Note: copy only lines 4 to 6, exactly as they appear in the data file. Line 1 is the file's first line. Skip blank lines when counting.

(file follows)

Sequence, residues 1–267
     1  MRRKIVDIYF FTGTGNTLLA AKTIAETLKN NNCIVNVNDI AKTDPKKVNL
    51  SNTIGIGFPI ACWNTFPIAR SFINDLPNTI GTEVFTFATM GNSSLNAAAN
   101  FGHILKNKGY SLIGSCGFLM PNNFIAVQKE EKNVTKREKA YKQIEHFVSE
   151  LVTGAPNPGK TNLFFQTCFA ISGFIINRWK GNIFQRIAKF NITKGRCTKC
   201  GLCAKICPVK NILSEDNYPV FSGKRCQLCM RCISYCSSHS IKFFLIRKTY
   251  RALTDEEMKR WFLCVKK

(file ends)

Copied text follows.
   101  FGHILKNKGY SLIGSCGFLM PNNFIAVQKE EKNVTKREKA YKQIEHFVSE
   151  LVTGAPNPGK TNLFFQTCFA ISGFIINRWK GNIFQRIAKF NITKGRCTKC
   201  GLCAKICPVK NILSEDNYPV FSGKRCQLCM RCISYCSSHS IKFFLIRKTY